ad-fullscreen

If you can, smile at DMV

I’ve always suspected the reason most people aren’t smiling in their driver’s license photo is because their facial muscles are numb from having to wait a couple hours at the DMV.

But shouldn’t the reverse be true? Shouldn’t we all appear happy in these photos because the waiting is over?

Then I came to find out earlier this week that it didn’t matter if folks wanted to smile, the apparent grinches behind the camera at your local Nevada Department of Motor Vehicles were ordering people to wipe the smiles from their faces.

That is, at least, according to a story in Tuesday’s USA Today.

The report suggested that Nevada’s DMV, along with those in Arkansas, Indiana and Virginia, had a policy that required “neutral facial expressions” for driver’s license photos.

The purpose of the grinless photos was so that high-tech software could compare photos, and preventing fraud doesn’t work very well when comparing different facial expressions.

The software issues a warning when it matches a new photo with an existing photo, suggesting someone with a license may be trying to assume another driver’s identity.

The duller the expression, the easier it is for the system to find matches.

Most of the 31 states that do computerized matching don’t have a no smile policy and their systems still work fine, according to the story.

So why wouldn’t it work in ours?

Well, it turns out, USA Today got it wrong, at least here in Nevada, said DMV spokesman Tom Jacobs. (To clear the air, Arkansas and Indiana allow smiles, too).

“The Nevada Department of Motor Vehicles has no policy, rule or law that prohibits a motorist from smiling when being photographed for a driver’s license,” Jacobs said.

Jacobs explained that exaggerated facial expressions are likely to be rejected, but a normal smile is encouraged.

“DMV technicians routinely ask people to smile before snapping their photo,” Jacobs said.

“We do ask people with long hair to tuck their hair behind their ears and to remove eyeglasses. Doing so results in an image that can be better processed with our facial recognition program,” he said.

The DMV has been using the program as part of the Central Issuance system since January to fight identity theft.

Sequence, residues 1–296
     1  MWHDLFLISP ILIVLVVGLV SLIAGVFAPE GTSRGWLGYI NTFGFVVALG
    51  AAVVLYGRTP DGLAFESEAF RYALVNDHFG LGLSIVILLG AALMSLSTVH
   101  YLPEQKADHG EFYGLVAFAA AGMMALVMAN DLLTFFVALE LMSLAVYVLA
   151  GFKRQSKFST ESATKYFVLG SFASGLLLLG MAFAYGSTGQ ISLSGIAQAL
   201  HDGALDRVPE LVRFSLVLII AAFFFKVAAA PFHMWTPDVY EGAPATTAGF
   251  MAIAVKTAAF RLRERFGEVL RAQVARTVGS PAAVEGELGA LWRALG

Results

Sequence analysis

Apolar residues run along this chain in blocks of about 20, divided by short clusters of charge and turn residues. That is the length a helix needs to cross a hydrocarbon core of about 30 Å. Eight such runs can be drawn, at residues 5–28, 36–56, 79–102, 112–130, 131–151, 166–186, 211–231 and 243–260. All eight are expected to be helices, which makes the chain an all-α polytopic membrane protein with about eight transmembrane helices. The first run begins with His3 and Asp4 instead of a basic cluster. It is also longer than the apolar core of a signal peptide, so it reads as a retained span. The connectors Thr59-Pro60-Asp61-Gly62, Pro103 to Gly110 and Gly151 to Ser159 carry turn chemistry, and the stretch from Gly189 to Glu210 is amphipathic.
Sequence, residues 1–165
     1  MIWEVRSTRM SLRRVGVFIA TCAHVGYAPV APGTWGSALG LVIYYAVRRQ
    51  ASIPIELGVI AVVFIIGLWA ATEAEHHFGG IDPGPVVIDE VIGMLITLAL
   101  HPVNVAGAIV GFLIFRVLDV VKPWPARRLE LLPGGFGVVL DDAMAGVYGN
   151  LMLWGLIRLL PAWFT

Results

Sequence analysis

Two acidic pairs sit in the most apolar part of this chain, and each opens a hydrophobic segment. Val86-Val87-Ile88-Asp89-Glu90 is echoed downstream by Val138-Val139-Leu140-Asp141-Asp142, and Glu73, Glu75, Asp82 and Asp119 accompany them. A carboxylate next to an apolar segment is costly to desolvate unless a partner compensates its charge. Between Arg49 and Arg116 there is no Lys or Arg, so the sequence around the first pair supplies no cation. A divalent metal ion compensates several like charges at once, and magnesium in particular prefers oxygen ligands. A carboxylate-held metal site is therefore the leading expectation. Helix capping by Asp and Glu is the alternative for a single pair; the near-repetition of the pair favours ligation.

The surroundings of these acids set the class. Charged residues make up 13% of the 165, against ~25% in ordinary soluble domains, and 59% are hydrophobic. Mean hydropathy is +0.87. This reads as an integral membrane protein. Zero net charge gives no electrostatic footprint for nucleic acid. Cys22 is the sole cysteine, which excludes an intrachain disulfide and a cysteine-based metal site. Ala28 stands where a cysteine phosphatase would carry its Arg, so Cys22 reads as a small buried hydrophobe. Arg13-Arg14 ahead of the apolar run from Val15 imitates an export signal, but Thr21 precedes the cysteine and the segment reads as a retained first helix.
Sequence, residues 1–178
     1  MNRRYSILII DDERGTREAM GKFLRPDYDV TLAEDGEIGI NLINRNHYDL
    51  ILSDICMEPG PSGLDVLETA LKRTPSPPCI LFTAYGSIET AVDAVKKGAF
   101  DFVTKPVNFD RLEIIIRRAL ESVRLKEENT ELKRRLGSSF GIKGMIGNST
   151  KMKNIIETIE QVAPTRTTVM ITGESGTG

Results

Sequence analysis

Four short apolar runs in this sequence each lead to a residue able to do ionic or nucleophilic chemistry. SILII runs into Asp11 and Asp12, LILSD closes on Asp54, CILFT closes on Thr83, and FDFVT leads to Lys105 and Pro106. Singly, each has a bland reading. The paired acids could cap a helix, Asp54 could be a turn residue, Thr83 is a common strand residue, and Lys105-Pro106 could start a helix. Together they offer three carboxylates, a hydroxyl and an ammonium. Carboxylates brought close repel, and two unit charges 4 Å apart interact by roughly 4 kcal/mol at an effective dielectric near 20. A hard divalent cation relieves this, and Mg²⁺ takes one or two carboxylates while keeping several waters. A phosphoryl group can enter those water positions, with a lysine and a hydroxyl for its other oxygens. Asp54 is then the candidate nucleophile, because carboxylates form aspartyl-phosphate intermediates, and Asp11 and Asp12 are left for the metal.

“The facial recognition program matches newly photographed images with images in the department’s database, flagging suspected matches,” Jacobs said.

Since the system went into operation, investigators have flagged 363 photos and the DMV has canceled 136 licenses or identification cards, Jacobs said.

But there are at least 19 facial muscles in the human face that can be twisted and contorted into a plethora of expressions.

So what facial expressions are allowed and which are forbidden?

I spoke with Jacobs and came up with this list: Smiling, grinning, a pensive or bored expression and even frowning are allowed.

What’s forbidden generally falls into the category of overdoing any type of expression.

So, no curling your upper lip like Elvis, sticking your tongue out, squinting, crossing your eyes (unless it’s natural of course). And there’s no wiggling of the ears, picking of the nose, gnashing of teeth, and you can’t suck your cheeks in and move your lips like a fish. Believe it or not, you can’t hold up your cash winnings from the slot machine.

And just like there’s no crying in baseball, there’s no crying for your license photo.

“It would distort your face,” Jacobs explained.

It’s kind of ironic actually. A place that bores and frustrates you to tears doesn’t allow crying.

But smile all you want.

If you have a question, tip or tirade, call the Road Warrior at 702-387-2904, or e-mail him at roadwarrior@reviewjournal.com. Please include your phone number.

section-ads_high_impact_4
TOP NEWS
ad-315×600
News Headlines
pos-2 — ads_infeed_1
post-4 — ads_infeed_2
Local Spotlight
Events
Home Front Page Footer Listing
Circular
You May Like

You May Like